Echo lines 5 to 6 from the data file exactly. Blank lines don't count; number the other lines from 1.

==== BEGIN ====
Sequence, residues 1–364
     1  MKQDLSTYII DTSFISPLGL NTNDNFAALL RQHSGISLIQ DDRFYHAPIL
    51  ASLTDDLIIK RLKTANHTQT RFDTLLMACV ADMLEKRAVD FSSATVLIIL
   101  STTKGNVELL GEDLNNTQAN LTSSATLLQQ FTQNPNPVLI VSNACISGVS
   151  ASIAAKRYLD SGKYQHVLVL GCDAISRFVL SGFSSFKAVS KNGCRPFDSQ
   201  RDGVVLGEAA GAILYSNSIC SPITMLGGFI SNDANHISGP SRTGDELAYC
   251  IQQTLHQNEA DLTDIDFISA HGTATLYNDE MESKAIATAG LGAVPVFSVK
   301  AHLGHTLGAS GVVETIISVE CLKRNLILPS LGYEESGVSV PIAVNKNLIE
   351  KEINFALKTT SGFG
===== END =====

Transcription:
   151  ASIAAKRYLD SGKYQHVLVL GCDAISRFVL SGFSSFKAVS KNGCRPFDSQ
   201  RDGVVLGEAA GAILYSNSIC SPITMLGGFI SNDANHISGP SRTGDELAYC